NDLON in the News

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While feds stall, California advances immigration reform | Al Jazeera America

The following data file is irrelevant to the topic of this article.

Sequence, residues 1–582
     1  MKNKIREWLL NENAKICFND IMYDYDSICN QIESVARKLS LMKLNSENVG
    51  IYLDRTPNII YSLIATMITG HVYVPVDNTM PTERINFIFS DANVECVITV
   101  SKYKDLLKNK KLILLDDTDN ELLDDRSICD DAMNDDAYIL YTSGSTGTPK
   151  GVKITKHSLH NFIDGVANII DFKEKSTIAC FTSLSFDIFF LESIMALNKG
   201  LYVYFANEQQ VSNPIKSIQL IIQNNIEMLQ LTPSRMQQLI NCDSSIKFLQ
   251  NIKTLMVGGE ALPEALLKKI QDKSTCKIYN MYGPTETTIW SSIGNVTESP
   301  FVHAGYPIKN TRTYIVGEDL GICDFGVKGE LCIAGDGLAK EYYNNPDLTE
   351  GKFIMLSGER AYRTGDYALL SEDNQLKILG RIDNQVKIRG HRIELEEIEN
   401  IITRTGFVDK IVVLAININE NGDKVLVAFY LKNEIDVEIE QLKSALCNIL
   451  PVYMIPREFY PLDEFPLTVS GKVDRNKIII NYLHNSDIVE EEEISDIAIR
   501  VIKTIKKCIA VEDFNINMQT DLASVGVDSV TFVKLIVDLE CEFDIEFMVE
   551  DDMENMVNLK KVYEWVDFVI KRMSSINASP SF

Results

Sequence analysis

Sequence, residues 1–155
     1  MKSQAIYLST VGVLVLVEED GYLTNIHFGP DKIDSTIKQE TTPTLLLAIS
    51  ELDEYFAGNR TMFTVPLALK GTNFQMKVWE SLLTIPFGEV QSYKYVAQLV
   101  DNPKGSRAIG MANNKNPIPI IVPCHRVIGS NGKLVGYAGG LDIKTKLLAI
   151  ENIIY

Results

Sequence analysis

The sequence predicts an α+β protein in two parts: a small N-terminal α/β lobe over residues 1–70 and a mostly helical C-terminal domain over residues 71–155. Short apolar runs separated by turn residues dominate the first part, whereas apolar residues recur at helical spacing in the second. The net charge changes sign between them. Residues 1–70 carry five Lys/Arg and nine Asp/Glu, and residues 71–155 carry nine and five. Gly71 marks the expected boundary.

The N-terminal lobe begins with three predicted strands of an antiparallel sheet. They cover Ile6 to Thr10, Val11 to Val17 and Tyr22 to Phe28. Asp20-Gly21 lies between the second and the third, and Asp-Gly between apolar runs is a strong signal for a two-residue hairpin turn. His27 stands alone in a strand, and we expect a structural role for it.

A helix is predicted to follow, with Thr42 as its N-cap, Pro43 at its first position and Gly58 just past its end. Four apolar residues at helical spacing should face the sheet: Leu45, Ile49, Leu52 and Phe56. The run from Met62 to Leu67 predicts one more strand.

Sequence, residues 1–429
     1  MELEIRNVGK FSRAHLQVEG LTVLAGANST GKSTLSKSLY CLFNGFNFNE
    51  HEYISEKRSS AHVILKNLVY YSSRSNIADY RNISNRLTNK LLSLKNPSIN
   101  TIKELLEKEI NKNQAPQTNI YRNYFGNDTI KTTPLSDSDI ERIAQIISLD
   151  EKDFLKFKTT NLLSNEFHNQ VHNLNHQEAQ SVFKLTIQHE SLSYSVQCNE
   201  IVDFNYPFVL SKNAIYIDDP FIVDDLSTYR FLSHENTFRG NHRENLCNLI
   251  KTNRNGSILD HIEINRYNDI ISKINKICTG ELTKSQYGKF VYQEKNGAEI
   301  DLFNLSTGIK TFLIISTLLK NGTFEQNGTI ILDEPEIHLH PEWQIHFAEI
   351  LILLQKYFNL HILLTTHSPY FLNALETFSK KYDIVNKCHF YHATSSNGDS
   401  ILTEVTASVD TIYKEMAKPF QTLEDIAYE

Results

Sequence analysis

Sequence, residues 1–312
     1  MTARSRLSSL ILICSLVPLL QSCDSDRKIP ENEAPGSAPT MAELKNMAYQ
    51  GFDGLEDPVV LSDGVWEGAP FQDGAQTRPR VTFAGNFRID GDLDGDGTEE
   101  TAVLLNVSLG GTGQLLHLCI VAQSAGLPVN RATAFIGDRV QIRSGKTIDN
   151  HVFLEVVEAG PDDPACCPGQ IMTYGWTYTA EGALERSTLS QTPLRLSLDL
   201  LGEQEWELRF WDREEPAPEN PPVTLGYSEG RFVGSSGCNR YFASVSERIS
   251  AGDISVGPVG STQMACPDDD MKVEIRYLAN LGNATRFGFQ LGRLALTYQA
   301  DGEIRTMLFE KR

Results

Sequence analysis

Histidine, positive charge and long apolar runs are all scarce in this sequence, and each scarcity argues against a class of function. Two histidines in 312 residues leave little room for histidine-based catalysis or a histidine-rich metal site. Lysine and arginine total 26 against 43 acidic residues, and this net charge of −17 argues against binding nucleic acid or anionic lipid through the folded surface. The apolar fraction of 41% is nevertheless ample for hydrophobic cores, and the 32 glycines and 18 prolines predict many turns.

A row of seven pay-phone booths lines the corner of Bauchet and Vignes streets downtown here, just outside the walls of the L.A. County Men’s Central Jail. From that corner, newly released inmates and visiting families can nearly make out the top of the federal building just a mile south, across the 101 Freeway, where Immigration and Customs Enforcement (ICE) officers determine the fate of thousands who pass through the county jail gates. In 2009, Los Angeles County became one of the first in the nation to partner with ICE in a program called Se Communities, which allows federal agents to access the fingerprints of anyone who has been arrested to see if he or she is subject to deportation. This partnership led to the transfer of nearly 20,000 inmates from jails in L.A. County to ICE custody in 2011. Those transferred, mostly Hispanic males who had committed nonviolent crimes